In 1979, someone in Indiana tried to have Sylvia Plath's "The Bell Jar" banned, saying the book "openly rejects traditional marriage and motherhood."
In 1998, a Californian tried to ban J.K. Rowling's "Harry Potter and the Sorcerer's Stone," complaining it "opens a doorway that will put untold millions of kids into Hell."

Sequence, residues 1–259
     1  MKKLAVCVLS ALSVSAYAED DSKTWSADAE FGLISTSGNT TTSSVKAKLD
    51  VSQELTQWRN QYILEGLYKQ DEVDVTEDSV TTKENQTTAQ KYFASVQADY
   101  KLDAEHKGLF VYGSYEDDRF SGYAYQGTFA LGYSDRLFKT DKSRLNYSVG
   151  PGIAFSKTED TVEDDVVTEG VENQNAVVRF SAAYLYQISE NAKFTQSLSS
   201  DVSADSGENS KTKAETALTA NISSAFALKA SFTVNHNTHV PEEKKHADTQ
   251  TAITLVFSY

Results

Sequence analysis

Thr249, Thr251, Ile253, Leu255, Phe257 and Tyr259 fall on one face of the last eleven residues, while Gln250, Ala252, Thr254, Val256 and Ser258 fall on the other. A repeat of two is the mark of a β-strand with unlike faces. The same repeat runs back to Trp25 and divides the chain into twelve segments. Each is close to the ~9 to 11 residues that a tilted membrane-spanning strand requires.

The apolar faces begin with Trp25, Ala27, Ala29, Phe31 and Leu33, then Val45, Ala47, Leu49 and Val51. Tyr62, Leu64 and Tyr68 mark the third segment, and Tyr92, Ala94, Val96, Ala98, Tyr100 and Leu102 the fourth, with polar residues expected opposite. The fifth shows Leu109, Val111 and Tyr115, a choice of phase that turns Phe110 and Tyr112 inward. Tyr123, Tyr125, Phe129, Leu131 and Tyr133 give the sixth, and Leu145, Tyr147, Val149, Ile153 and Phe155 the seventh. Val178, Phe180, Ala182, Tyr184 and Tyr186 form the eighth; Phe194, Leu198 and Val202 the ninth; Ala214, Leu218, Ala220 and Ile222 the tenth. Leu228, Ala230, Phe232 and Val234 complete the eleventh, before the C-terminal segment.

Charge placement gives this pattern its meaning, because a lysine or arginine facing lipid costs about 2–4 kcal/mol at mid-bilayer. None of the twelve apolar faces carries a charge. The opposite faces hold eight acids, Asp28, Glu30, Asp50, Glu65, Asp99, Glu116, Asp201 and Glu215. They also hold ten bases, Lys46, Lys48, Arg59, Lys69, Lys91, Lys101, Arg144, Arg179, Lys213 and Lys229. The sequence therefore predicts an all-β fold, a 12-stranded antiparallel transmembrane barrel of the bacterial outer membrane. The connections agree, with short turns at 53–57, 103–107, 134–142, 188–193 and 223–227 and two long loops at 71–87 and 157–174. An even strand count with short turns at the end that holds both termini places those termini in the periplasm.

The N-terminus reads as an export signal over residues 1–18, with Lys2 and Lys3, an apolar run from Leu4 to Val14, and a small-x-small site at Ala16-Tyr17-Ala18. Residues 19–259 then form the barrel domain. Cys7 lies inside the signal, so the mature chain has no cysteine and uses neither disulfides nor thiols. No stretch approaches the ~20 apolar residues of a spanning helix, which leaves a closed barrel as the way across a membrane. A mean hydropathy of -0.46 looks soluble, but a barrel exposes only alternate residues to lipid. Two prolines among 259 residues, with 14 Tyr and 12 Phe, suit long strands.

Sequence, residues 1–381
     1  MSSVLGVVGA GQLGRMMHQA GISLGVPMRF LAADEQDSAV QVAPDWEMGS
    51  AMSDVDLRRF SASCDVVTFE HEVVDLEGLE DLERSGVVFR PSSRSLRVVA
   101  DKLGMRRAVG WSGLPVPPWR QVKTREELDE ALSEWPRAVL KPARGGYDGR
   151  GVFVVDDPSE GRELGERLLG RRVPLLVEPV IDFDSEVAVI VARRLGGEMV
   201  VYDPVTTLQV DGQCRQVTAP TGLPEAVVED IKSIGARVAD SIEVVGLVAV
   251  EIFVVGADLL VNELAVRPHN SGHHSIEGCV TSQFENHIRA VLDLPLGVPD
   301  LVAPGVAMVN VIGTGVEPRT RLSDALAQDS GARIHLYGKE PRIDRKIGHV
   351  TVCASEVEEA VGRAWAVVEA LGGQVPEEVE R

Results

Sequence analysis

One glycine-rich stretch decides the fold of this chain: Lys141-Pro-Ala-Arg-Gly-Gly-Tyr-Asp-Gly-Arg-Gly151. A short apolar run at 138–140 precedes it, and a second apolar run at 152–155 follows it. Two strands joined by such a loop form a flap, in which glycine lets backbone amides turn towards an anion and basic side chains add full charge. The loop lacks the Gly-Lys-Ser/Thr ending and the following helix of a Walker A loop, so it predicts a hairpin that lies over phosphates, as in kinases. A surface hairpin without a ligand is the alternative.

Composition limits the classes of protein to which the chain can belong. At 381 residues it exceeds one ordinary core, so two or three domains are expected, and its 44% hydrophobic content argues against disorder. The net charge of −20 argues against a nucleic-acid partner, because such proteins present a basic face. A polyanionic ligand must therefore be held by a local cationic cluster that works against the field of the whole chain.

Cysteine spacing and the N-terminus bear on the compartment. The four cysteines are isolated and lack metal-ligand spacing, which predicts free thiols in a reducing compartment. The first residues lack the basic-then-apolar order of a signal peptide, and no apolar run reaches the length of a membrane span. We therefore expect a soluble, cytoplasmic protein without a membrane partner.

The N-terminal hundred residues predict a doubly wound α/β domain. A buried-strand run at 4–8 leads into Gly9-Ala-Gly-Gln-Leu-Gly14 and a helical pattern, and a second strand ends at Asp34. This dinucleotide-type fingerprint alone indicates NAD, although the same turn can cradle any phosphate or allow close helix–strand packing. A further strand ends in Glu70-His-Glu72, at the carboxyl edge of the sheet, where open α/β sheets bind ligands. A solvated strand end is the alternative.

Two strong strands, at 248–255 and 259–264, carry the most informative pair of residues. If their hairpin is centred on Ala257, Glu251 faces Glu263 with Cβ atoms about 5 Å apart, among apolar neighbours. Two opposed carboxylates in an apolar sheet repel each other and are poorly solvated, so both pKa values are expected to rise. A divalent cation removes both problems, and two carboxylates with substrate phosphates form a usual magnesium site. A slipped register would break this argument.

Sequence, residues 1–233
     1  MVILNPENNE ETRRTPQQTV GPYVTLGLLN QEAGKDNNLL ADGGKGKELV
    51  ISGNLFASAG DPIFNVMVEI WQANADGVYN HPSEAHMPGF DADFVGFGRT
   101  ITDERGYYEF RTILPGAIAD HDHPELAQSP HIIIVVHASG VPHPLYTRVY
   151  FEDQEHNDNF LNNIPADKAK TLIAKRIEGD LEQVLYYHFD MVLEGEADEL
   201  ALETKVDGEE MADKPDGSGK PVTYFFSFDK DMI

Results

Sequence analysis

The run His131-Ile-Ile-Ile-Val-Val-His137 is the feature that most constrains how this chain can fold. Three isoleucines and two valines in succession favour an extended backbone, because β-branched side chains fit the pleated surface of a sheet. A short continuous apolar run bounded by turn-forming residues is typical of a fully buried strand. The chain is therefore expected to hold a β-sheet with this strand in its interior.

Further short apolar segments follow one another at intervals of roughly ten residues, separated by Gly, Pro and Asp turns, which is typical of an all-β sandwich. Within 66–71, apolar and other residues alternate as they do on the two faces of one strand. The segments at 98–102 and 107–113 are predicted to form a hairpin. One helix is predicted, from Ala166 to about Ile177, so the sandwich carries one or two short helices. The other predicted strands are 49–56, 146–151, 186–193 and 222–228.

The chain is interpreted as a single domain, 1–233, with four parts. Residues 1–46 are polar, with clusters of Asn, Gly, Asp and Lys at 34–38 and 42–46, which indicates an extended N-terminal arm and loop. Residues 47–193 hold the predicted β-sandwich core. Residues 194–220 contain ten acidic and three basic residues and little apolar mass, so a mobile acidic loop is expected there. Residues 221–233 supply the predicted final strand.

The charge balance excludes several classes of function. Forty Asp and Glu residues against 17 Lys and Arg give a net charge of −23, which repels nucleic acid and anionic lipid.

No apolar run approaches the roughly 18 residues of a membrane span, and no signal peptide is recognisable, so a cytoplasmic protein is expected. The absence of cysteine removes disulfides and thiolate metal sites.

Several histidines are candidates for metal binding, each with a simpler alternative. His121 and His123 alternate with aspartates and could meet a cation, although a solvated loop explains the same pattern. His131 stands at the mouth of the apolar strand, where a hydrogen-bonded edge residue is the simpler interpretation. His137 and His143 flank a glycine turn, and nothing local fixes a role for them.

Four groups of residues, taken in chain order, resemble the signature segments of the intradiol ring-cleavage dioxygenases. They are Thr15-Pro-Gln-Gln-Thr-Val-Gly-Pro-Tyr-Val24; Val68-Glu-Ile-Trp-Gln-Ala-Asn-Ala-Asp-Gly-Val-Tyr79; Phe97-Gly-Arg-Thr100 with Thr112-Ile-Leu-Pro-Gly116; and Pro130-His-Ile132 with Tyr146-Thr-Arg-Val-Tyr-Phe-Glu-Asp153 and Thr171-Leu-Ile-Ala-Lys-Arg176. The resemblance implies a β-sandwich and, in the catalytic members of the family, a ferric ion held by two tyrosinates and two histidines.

Attempts to restrict access to books go back further than that. In 1885, a Concord, Mass., resident called Mark Twain's "Adventures of Huckleberry Finn" "trash and suitable only for the slums."
Banned Books Week has been observed annually since 1982 by the American Library Association, designed...